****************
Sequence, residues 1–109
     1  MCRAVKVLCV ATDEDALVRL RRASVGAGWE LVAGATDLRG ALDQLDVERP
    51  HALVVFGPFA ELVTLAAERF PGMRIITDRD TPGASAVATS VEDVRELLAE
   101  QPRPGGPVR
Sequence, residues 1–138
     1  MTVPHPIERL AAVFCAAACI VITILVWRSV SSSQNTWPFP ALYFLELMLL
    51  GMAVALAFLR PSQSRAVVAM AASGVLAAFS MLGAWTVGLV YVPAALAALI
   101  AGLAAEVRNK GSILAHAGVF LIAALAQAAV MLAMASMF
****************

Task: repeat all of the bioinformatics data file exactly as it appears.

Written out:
Sequence, residues 1–109
     1  MCRAVKVLCV ATDEDALVRL RRASVGAGWE LVAGATDLRG ALDQLDVERP
    51  HALVVFGPFA ELVTLAAERF PGMRIITDRD TPGASAVATS VEDVRELLAE
   101  QPRPGGPVR
Sequence, residues 1–138
     1  MTVPHPIERL AAVFCAAACI VITILVWRSV SSSQNTWPFP ALYFLELMLL
    51  GMAVALAFLR PSQSRAVVAM AASGVLAAFS MLGAWTVGLV YVPAALAALI
   101  AGLAAEVRNK GSILAHAGVF LIAALAQAAV MLAMASMF